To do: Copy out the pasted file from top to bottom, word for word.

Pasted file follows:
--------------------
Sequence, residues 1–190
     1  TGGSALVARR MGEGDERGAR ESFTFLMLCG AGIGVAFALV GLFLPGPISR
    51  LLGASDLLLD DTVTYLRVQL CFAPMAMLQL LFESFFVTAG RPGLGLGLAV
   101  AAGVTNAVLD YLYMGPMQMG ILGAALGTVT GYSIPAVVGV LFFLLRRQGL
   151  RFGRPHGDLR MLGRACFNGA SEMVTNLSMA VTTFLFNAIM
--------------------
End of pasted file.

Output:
Sequence, residues 1–190
     1  TGGSALVARR MGEGDERGAR ESFTFLMLCG AGIGVAFALV GLFLPGPISR
    51  LLGASDLLLD DTVTYLRVQL CFAPMAMLQL LFESFFVTAG RPGLGLGLAV
   101  AAGVTNAVLD YLYMGPMQMG ILGAALGTVT GYSIPAVVGV LFFLLRRQGL
   151  RFGRPHGDLR MLGRACFNGA SEMVTNLSMA VTTFLFNAIM